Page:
Under the circumstances of the case it appears to the court, even if the release had been voidable or void and so found by the court and jury, nevertheless on the undisputed facts of the ease the plaintiff would not be entitled to recover, because the injuries which he suffered were due solely to his own negligence, as there appears to be no evidence of any negligence at all upon the part of the defendant.
Furthermore, it appears from the record that the plaintiff and his wife received the sum of $150 at the time he signed the release. This $150 was in the shape of a check which was deposited in bank by the plaintiff and his wife, and the proceeds* of the cheek were used by them; and neither the plaintiff nor any one for him tendered back the $150 up to the time the case was submitted to the court and jury. We think it is elementary *408that a release can not be avoided unless the consideration received by the person signing the release has been restored and restitution has been made or a tender back of the consideration.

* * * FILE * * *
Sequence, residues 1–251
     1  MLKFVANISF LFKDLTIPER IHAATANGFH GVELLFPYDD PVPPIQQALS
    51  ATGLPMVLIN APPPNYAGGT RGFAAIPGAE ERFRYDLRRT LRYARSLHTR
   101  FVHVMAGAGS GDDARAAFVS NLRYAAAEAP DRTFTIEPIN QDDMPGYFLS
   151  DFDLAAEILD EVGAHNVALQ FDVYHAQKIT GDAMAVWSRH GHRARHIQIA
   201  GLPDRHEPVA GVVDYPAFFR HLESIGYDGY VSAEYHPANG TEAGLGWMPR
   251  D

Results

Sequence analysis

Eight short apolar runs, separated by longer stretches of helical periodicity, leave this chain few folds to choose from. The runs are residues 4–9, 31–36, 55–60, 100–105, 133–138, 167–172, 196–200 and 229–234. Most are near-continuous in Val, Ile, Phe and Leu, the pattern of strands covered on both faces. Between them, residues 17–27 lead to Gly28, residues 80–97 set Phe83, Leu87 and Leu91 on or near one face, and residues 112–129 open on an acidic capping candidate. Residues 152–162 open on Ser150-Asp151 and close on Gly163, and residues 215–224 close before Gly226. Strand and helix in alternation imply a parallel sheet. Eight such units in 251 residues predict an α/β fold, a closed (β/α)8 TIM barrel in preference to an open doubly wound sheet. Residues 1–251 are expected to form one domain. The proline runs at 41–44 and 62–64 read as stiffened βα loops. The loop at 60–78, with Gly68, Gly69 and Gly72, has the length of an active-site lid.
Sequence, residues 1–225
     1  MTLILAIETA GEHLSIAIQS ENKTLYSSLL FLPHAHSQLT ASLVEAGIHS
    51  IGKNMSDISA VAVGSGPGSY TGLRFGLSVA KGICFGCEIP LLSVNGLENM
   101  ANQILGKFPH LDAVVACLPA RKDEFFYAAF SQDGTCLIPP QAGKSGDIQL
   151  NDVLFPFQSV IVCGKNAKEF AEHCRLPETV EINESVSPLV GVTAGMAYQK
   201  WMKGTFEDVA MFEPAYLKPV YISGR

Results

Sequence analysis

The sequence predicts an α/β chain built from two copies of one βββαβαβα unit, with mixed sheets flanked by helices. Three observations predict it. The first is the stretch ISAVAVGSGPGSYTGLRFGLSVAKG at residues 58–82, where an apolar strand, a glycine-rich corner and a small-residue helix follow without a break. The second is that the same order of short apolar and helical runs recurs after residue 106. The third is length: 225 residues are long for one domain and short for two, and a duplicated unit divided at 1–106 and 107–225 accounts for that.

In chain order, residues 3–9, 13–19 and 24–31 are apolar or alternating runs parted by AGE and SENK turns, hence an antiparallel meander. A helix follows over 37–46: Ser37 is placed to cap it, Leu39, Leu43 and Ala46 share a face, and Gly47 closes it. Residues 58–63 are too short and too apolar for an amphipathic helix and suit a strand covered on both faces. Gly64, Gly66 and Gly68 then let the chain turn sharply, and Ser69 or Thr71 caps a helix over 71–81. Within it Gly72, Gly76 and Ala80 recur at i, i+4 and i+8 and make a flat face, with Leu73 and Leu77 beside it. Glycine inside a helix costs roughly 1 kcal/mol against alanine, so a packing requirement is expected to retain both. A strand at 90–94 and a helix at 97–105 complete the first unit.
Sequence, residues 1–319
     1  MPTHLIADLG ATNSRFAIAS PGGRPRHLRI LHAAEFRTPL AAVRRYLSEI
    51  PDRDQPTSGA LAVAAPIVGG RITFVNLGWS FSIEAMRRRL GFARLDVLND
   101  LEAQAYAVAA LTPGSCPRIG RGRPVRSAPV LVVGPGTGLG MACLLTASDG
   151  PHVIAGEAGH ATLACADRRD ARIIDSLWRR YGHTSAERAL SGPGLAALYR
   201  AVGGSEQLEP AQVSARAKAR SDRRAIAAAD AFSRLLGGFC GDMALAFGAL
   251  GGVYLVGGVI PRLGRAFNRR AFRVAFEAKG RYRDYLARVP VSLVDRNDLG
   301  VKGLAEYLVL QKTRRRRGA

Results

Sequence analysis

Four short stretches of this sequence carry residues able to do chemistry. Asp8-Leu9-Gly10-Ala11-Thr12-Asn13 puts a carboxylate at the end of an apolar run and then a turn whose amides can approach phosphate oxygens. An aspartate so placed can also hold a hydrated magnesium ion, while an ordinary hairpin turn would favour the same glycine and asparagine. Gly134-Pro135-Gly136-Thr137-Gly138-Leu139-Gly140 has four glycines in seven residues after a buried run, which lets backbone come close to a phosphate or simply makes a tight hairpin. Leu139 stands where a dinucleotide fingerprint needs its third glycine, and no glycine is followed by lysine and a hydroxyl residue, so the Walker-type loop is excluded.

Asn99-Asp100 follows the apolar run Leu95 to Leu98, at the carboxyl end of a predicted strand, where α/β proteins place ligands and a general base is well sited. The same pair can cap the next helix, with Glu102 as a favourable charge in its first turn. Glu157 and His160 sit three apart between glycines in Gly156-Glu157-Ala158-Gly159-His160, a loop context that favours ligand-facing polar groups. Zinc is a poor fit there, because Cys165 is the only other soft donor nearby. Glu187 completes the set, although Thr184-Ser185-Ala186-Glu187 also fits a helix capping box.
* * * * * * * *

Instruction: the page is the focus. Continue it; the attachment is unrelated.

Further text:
The general rule is well settled that if a person enter into a contract and afterwards seek to avoid the effect of the contract upon any ground that will entitle him to rescind it, he must first restore the consideration, or what he has received or tender it back, He can not have his loaf and eat it. Drohan v. Ry. Co., 162 Mass., 435, 437; Insurance Co. v. Burke, 69 O. S., 294.
We find no errors in the record of this ease that would warrant the court in reversing the judgment, and the same is therefore affirmed.
Jones (E. IT.), P. J., and Jones (Oliver B.), J., concur.